“If you invoke as Father the one who judges all people impartially according to their deeds, live in reverent fear during the time of your exile.” (I Peter 1:17)
Peter gives fair warning to his readers (sounding a little like Paul) that if you do (and Peter says you should) worship the Lord God you should be aware that the Divine judges everyone by the same measure, so be sure that you are living good and accountable lives. The part of about “exile” is not that he is writing to people who have been forced from their homes but that are living temporary lives on this earth – meaning that their truest destiny lies elsewhere.
“You know that you were ransomed from the futile ways inherited from your ancestors, not with perishable things like silver or gold, but with the precious blood of Christ, like that of a lamb without defect or blemish.” (Verses 18 – 19)
in the very next sentence that warning is considerably softened by
the reminder that their (and his & my) sins have been forgiven
already. Peter really cannot maintain a severe tone for very long.
More and more, beloved reader, I am realizing that the gentle nature
of Peter came from his encounters with Jesus, and the patience &
compassion that Jesus had for him. Not only is it an exemplar to me
to live as faithfully as Peter does, but also with a compassionate
and caring nature – which reminds me of my decision some time
earlier this year to have a “gentle compassionate merciful belief”
system and to apply those attributes to others.
“He was destined before the foundation of the world, but was revealed at the end of the ages for your sake.” (Verses 20)
Now here Peter gets caught up in his own rhetoric – but do not hold it against him beloved reader. The understanding of the early church (or at least an understanding that is commonly attributed to them) was that Jesus the Messiah and the Lord God would return in a relatively short amount of time. This is why (I believe) Peter says “at the end of the ages”, because for them Jesus appearance, and certainly His reappearance, would signal the end.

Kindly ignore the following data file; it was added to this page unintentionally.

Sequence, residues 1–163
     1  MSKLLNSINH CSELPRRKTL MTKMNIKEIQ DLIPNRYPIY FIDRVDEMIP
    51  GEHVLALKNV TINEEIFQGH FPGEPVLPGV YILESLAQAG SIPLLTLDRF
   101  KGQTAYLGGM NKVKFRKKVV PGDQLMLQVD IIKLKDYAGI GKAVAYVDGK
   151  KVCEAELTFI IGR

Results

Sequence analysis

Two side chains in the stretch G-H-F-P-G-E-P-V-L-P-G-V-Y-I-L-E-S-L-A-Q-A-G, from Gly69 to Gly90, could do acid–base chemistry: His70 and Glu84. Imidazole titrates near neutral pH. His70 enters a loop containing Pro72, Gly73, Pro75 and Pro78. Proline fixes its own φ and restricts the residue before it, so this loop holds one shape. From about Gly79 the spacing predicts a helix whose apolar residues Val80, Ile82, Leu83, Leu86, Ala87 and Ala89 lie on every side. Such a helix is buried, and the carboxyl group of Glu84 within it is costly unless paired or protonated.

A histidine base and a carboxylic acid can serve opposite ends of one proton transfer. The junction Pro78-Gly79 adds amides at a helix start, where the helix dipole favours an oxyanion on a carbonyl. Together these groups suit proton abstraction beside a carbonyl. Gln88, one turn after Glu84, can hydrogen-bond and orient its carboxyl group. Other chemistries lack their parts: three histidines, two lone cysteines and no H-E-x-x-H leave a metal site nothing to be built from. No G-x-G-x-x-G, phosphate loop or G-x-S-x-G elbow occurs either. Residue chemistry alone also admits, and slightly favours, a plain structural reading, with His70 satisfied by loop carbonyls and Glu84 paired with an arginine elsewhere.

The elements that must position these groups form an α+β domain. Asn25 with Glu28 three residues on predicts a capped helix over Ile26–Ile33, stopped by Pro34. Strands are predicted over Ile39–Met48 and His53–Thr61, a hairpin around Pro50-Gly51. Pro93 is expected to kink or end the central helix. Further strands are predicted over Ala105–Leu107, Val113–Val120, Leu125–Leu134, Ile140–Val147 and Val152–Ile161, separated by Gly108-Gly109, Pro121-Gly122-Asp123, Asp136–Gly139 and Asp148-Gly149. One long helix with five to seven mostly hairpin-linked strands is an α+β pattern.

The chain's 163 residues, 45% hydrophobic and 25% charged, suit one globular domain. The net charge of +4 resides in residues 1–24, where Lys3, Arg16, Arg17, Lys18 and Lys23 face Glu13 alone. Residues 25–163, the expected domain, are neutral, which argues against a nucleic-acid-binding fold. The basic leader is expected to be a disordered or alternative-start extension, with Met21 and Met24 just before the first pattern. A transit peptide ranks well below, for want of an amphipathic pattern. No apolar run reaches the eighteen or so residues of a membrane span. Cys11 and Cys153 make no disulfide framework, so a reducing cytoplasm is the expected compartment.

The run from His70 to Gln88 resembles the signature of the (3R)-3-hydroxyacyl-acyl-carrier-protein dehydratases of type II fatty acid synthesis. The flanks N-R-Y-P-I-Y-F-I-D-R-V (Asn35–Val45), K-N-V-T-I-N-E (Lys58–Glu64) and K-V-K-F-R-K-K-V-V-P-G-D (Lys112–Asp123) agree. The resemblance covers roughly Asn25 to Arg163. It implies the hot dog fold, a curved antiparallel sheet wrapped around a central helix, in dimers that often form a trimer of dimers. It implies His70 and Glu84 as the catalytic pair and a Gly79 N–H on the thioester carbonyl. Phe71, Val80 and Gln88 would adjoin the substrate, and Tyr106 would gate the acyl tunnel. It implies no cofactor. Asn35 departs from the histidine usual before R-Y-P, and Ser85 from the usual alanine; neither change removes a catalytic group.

am reminded of a phenomenon that is occurring all of the world, in
our current time; nature is coming back and surging forth in the
vacuum that humanity has created by sheltering-in-place. I read just
the evening that I sat down to write this that hordes of endangered
sea turtles are laying eggs on abandon beaches! Now granted that many
will not hatch nor reach the safety of the water; however 70,000 are
laying eggs! On the empty beaches!! Out of that many, there are sure
to be a good many little turtle survivors. In other parts of the
world that lack of human activity is allowing nature to catch her
breath and clean herself off! But I am digressing in a big way, and
not even sure what brought this amazing event to my mind. I will let
you know if I remember.
“Through him you have come to trust in God, who raised him from the dead and gave him glory, so that your faith and hope are set on God. Now that you have purified your souls by your obedience to the truth so that you have genuine mutual love, love one another deeply from the heart. You have been born anew, not of perishable but of imperishable seed, through the living and enduring word of God.” (Verses 21 – 23)
I remember now why I thought of nature filling the places humanity has stepped away from. So often we have heard that nature – the flora & fauna – of our world are suffering from lack of living space. Ecologists and others have warned that as more animals become extinct, the human animal also edges closer to the brink of its own destruction. But this evidence of nature so quickly taking advantage gives me, as a person who roots and cheers for creation, hope that revive itself if just given the chance to purify itself. Yes, I did mean to phrase it that way, echoing what Peter said.
The early church thought of itself, that is humanity, coming close to end of its existence. But since the time of Jesus we have hung on and around for over 2000 years. Yes, right now humanity may be more closely staring death in the face of death than ever before, but we are holding more tightly to life and supporting each other in more tangible and creative ways. We are living in scary times, no doubt, and I get a chill up and down my spine each time I see the reminders of what we are facing. But we are also clinging to hope and clinging to each other. I want you, beloved reader, to re-read verses 21 to 23.
“Through him you have come to trust in God, who raised him from the dead and gave him glory, so that your faith and hope are set on God. Now that you have purified your souls by your obedience to the truth so that you have genuine mutual love, love one another deeply from the heart. You have been born anew, not of perishable but of imperishable seed, through the living and enduring word of God.”
Claim the promise that Peter has laid out to his readers. And then live out genuine mutual love deeply from your heart, spirit and soul. Selah!